Democratic presidential candidate Sen. Bernie Sanders, I-Vt., waves as he walks onto the stage during a rally on Tuesday, May 17, 2016, in Carson, Calif. (AP Photo/Jae C. Hong)
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Since her decisive win in New York last month, Hillary Clinton has had her eyes firmly on the general election, blasting Donald Trump in near daily emails and making the New York billionaire the target of most of her stump speeches. 

Yet through it all, Bernie Sanders remains. With just nine primaries and caucuses remaining, Mrs Clinton’s primary opponent is fighting an increasingly bitter battle with the Democratic frontrunner, not just for the presidential nomination but for lasting influence over their party. 

“He’s setting up a dynamic where some of his followers aren’t going to believe in the [democratic] process no matter what happens,” said Jim Manley, a former aide to senators Harry Reid and Edward Kennedy. “So it’s going to be up to him to downplay their concerns. Hopefully he’s going to do so but if and when he does I’m not sure it’s going to be enough.” 

The bad blood between Mr Sanders and the Democratic establishment has worsened to the point where this week he announced he would back the opponent of Debbie Wasserman Schultz, the Democratic National Committee chairwoman, in the Florida primary for her congressional seat.

Ms Wasserman Schultz had blamed Mr Sanders for violence that erupted at the Nevada Democratic Convention this month, when some Sanders supporters were blocked from entering the convention. While Mr Sanders said he did not condone the violence, he used the incident to back up claims that the DNC had tipped the primary in Mrs Clinton’s favour.

The DNC later made a concession to Mr Sanders by allowing him to pick five of the 15 DNC members who will draft the party’s platform for the Democratic National Convention in July. Six of the members will be selected by Mrs Clinton, while the remaining four will be chosen by Ms Wasserman Schultz. 

Yet that has not stopped Mr Sanders from lashing Mrs Clinton and a Democratic party he claims is rigging the system in her favour. 

While Mr Sanders has stressed he would never back Mr Trump or advocate for his supporters to do so, some worry that his broadsides against his primary opponent and the Democratic party could leave Mrs Clinton badly weakened ahead of the general election. 

At a rally with over 6,000 people in Santa Monica on Monday night, Mr Sanders railed against Mrs Clinton for her decision not to hold a final debate with him before the state’s June 7 primary, a move he said was “insulting to the people of California”. 

“They’ve been very nervous lately and I don’t want to get them more nervous,” he joked of the Clinton campaign. “But we’re going to win here in California.” 

Most polls refute Mr Sanders’ claim. Only one survey by Fox News suggests there will be a tight race in California. An average of Real Clear Politics polls, meanwhile, forecasts Mrs Clinton winning the state by a 10 point margin.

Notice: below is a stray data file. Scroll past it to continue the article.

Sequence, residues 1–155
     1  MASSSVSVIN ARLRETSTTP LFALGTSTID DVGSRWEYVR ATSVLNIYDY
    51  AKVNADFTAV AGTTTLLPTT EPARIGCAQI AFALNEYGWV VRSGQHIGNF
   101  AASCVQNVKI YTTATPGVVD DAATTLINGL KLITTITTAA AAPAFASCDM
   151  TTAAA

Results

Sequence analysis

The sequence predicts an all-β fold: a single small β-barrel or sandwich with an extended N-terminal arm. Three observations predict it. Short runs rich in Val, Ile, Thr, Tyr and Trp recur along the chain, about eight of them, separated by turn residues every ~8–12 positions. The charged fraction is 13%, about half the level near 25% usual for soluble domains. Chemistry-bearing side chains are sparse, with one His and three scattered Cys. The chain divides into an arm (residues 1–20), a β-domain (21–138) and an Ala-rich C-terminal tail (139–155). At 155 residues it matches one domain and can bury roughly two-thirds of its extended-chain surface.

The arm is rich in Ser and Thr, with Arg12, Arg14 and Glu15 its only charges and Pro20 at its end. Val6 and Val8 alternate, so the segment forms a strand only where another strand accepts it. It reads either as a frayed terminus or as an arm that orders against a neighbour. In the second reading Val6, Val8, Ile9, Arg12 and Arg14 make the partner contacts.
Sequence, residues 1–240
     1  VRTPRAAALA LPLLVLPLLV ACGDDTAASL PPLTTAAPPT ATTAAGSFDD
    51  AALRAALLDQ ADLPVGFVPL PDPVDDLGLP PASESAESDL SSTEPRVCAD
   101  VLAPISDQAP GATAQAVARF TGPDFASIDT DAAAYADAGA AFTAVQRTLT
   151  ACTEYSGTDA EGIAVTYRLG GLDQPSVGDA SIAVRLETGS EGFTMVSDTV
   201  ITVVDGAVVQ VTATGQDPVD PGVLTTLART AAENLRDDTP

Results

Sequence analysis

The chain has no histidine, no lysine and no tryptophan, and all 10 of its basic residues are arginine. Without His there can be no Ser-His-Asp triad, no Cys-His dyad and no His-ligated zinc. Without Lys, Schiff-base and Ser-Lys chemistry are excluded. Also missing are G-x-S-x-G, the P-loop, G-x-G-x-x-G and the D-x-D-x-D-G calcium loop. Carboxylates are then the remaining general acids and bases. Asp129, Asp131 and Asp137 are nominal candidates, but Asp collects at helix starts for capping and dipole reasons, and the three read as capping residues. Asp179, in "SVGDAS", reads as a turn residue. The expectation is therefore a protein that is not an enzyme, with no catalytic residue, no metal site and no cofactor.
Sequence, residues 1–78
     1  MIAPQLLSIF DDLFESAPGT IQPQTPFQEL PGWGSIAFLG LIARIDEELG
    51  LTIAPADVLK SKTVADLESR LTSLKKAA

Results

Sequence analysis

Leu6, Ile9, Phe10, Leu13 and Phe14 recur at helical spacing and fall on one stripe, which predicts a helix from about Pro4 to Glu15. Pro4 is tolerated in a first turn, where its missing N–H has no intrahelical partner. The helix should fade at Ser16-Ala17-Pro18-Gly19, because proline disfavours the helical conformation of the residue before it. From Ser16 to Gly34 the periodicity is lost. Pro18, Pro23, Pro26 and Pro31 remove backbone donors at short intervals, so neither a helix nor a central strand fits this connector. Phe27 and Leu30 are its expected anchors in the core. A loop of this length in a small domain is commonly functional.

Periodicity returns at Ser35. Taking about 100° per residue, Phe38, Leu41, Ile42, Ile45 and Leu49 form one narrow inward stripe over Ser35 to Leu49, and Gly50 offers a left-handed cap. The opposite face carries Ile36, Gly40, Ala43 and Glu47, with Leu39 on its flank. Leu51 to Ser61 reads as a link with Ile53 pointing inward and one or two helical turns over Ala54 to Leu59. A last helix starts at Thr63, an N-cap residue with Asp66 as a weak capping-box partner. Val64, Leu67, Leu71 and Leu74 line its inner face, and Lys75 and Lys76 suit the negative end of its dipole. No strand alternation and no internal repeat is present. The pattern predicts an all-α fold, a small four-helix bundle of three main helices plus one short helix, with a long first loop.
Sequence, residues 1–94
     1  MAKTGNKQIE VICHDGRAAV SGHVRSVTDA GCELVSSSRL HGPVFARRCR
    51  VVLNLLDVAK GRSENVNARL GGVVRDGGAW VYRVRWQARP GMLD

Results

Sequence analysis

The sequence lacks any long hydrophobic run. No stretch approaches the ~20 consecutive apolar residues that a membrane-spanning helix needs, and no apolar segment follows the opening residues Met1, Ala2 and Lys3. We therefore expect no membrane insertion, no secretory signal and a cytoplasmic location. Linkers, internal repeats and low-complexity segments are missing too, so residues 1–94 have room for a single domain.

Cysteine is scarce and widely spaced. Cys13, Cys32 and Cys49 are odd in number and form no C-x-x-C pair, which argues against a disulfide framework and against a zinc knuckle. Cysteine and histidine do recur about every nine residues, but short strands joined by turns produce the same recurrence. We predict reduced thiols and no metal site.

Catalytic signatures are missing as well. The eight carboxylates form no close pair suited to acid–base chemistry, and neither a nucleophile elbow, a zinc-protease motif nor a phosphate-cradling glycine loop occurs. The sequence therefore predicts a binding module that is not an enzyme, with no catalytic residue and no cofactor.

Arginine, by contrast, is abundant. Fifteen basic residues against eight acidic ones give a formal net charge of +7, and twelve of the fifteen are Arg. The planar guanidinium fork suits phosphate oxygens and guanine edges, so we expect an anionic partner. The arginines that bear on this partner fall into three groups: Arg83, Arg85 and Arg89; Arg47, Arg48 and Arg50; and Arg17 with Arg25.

Yet calls from Democratic leaders for Mr Sanders to either exit the race or to drop his attacks on Mrs Clinton have angered some of Mr Sanders’ supporters who see it as yet more evidence of the Democratic Party handing the election to Mrs Clinton. 

“They’ve been saying it’s mathematically impossible [for Mr Sanders] to get the nomination pretty much since the start of the primary,” complained Julia Sharpe-Levine, a Sanders supporter in New York. “He never had a chance and he’s come so far. He’s won three of the past four primaries.” 

“I feel like calling Bernie supporters divisive and delusional and bitter and sore losers is really kind of mind boggling considering the fact that he has won the majority of the past 15 races and he’s consistently polling better against Trump than Clinton.” 

An NBC-Wall Street Journal poll shows that Mr Sanders would beat Mr Trump by 15 points in a matchup, while Mrs Clinton polls just two points better than Mr Trump nationally. 

Most close to the Clinton camp rationalise Mr Sanders’ eventual reconciliation with Mrs Clinton and the Democratic party by pointing to the analogy of Mrs Clinton’s bitter 2008 fight with Barack Obama. 

While the two rivals traded insults up until the end of the primary, Mrs Clinton endorsed her opponent days after the final primary vote, and the vast majority of her supporters backed Mr Obama for the presidency. 

“What's happening with Sanders is normal,” said Matt Bennett, co-founder of Third Way, the Democratic think-tank and an alumnus of Bill Clinton’s White House. “It's extraordinarily hard to believe you’re losing when everyone you see every day adores you, especially if you're still drawing huge crowds. Once the inevitable becomes clear, he will focus on the extraordinary risk to the republic posed by Trump and do the right thing.” 

Mr Sanders’ supporters, Mr Bennett admitted, were more of a variable. Yet for many of them, the thought (or fear) of a Trump presidency could be enough to drive them to the polls and foster party unity. 

“They don't have to love her,” said Mr Bennett. “They just have to vote for her.”

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